The month of April features Earth Day, the one day each year that focuses attention on the varying and interconnected challenges and solutions to problem’s impacting the Earth’s ability to sustain life. These include pollution, energy demands, climate change, and a host of other issues.
For some time now, motor and drive manufacturers have been aware of the impact of motor energy draw on global energy demand issues. Specifically, how using some form of smart electronic motor control can provide both environmental benefits as well as economic ones such as lowering energy costs by using less energy.
Many companies have advertised these benefits over the years, including offering tools for calculating energy demands and cost saving tips. For instance, Schneider Electric offers a number of tools to help users determine energy usage, available on the company’s web site. On Siemens’ web site there are materials including white papers that explain some of the most effective ways to save energy costs. Also, Emerson Industrial Automation espouses using drives to lower energy costs, offering detailed explanations on their web site.
Another company, ABB, recently did an interesting calculated estimate of just how much energy their own installed base of drives saved in 2014.
Motor drives, the company says, are the unsung heroes of the energy world. Because they regulate motors so precisely, and because motors are the major consumers of energy produced for industry, the installed base of drives save energy and keep CO2 emissions out of the Earth’s atmosphere in dramatic proportions.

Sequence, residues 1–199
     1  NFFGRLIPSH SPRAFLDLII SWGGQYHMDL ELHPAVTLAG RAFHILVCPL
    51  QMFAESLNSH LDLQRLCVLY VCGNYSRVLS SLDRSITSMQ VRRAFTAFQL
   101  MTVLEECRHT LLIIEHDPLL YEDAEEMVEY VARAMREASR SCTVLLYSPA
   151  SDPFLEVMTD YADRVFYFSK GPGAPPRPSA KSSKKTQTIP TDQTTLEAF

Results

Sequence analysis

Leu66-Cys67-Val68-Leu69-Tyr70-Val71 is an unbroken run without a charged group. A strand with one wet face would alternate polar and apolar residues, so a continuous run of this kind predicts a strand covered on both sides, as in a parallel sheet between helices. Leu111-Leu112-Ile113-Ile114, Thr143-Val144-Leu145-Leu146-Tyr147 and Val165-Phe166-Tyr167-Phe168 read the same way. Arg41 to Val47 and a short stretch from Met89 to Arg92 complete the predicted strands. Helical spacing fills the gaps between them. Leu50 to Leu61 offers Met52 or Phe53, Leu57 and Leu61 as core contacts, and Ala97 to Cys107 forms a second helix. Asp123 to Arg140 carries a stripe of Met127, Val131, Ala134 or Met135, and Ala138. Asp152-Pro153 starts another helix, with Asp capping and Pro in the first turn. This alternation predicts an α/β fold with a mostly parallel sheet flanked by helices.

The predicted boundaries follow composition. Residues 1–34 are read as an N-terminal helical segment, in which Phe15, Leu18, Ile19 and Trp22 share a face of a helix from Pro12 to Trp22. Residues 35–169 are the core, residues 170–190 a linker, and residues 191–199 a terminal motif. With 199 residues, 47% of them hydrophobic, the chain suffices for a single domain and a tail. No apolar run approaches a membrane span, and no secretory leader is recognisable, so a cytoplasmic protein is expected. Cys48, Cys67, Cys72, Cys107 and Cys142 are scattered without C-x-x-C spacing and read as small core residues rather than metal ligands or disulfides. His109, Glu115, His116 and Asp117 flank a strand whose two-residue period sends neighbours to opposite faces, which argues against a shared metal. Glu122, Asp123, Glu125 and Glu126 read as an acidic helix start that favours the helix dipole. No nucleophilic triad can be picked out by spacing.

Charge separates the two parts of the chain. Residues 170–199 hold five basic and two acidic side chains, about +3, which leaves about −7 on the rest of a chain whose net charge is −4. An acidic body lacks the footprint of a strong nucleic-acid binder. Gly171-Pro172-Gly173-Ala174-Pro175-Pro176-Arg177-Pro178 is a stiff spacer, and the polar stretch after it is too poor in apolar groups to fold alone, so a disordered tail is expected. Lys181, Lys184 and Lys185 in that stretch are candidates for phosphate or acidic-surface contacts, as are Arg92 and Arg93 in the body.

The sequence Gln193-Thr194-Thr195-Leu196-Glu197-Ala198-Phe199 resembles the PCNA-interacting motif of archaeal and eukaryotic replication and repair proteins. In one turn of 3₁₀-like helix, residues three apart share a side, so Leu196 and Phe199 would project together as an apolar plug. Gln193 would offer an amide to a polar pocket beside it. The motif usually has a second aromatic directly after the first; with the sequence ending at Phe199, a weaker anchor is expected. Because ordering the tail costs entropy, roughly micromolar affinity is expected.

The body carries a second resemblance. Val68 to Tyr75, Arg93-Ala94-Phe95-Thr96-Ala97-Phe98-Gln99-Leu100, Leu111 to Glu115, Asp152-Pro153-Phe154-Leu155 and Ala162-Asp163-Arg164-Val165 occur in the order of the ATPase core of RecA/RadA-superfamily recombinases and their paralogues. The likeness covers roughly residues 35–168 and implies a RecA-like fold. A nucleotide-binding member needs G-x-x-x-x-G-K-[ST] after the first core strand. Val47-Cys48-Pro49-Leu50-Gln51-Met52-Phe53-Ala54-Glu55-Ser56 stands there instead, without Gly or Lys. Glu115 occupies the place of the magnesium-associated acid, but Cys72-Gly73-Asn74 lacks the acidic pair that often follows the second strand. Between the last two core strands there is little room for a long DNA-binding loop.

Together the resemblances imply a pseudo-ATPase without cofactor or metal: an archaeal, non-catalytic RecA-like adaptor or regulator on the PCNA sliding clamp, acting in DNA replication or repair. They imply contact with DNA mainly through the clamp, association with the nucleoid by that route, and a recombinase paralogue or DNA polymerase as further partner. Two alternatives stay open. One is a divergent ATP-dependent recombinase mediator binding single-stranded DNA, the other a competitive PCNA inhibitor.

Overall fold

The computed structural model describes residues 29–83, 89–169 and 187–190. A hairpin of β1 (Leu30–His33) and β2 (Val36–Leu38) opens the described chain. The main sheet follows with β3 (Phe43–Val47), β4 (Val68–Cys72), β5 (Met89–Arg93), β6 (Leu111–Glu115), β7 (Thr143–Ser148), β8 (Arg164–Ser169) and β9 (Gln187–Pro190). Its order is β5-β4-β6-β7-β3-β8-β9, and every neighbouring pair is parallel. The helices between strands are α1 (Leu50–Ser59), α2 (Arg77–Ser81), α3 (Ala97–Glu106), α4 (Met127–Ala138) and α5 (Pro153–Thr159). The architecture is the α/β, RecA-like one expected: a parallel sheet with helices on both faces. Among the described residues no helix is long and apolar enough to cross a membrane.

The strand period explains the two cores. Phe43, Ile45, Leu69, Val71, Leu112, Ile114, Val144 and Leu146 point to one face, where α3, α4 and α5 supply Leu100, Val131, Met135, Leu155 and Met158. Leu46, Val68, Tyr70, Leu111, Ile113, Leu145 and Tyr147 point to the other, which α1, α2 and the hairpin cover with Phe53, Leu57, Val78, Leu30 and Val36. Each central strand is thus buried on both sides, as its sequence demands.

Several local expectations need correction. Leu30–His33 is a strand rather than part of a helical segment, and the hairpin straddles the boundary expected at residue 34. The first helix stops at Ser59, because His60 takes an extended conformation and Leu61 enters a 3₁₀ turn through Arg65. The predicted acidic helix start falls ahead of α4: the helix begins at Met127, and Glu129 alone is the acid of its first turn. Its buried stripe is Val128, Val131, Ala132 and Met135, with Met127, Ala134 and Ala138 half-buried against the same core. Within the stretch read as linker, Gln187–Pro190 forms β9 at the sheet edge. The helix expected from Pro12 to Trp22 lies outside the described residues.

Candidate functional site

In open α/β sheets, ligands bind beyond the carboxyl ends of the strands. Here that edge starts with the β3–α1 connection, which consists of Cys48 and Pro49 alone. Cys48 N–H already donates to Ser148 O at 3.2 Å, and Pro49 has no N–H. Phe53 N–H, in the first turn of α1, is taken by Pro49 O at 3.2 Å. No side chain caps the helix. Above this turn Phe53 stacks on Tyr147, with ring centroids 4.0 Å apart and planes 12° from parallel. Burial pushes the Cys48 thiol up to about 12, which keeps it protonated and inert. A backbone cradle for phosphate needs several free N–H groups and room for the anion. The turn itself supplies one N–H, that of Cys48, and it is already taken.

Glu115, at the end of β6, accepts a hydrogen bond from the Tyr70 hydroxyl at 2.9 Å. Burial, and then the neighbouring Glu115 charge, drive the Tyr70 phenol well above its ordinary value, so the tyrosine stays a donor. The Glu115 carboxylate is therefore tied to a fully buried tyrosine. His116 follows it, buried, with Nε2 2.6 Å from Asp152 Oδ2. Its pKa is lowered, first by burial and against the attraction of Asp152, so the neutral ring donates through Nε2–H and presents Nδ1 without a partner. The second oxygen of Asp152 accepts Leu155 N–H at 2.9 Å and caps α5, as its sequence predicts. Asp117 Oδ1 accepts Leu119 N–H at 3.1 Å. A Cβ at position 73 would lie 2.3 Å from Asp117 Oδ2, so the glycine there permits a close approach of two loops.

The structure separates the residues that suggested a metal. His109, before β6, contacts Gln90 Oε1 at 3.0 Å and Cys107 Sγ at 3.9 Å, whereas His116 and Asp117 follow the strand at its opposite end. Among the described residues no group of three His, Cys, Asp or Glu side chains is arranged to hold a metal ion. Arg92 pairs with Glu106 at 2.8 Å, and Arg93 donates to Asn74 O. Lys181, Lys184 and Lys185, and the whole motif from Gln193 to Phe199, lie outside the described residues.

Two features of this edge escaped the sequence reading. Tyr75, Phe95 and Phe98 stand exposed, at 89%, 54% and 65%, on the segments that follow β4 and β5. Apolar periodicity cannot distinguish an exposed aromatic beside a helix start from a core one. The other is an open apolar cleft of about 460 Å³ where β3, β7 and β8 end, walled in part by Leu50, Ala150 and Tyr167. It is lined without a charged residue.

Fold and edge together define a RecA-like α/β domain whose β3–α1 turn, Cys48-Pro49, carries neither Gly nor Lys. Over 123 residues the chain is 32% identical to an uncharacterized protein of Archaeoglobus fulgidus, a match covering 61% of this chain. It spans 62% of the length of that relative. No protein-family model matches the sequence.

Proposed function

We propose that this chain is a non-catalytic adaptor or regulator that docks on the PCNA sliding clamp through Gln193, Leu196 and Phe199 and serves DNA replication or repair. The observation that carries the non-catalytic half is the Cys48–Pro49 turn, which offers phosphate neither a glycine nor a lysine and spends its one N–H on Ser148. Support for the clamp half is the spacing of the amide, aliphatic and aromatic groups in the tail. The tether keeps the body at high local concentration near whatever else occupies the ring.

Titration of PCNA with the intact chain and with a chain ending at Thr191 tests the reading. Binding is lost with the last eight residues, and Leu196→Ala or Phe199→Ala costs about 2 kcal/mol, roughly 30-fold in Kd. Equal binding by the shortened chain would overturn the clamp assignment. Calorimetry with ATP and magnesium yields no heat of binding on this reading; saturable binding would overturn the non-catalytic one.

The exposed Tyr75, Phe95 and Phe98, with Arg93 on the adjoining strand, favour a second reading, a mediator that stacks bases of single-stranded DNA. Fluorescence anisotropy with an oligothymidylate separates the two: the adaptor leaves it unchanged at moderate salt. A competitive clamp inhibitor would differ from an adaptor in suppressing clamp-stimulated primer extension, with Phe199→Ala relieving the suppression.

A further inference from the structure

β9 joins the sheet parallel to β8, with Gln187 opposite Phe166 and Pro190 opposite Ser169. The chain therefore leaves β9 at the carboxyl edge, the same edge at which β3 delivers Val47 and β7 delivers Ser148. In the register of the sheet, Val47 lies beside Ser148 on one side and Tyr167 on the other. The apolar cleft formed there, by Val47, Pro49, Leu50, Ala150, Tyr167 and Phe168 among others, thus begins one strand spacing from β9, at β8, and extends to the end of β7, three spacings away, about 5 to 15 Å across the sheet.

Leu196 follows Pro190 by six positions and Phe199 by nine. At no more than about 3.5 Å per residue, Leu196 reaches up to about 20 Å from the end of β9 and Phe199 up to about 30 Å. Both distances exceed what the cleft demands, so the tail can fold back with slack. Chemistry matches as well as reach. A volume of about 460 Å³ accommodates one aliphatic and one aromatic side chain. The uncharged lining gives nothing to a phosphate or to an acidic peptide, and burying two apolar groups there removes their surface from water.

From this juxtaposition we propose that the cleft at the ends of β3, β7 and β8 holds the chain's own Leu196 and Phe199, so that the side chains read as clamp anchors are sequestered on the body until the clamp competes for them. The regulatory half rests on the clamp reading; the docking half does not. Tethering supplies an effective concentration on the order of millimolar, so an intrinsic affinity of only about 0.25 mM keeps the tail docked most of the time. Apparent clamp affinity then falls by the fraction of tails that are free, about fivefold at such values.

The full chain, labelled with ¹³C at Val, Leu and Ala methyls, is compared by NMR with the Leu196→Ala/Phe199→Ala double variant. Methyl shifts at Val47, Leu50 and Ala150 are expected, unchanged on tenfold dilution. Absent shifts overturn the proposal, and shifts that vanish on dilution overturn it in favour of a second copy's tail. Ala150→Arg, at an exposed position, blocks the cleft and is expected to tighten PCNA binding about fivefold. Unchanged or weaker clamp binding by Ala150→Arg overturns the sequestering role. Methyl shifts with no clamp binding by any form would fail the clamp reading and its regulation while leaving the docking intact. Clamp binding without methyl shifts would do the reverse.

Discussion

ABB tallied what the company’s drives saved the globe in 2014, for example. In energy consumption, the installed base saved 445 TWh (terawatt-hours), which is equivalent to what 110 million households use in energy, when each home consumes, on average, 4,000 kWh annually – an average for 2005, the year for which the latest statistics are available.
If that amount of energy would have been generated by fossil-fuel-powered electricity plants, these drives reduced CO2 emissions by 370 million tons.
Intelligent motor control methods, such as variable speed drives, can help solve the world’s energy challenges. Variable speed drives regulate the speed of a motor and can reduce energy consumption by as much as 30 to 50% in many applications and, in extreme cases, by as much as by 90%. Pumps are one of the most common motor applications and offer the biggest potential for saving energy because, at half the speed, only one-eighth of the power is needed.
The truth is that most motors around the globe still are awaiting control via a drive, and most are controlled with mechanical braking/speed devices, rather than electronic control. Consequently, there is a large potential to make a big impact by making some basic changes at the level of motor control.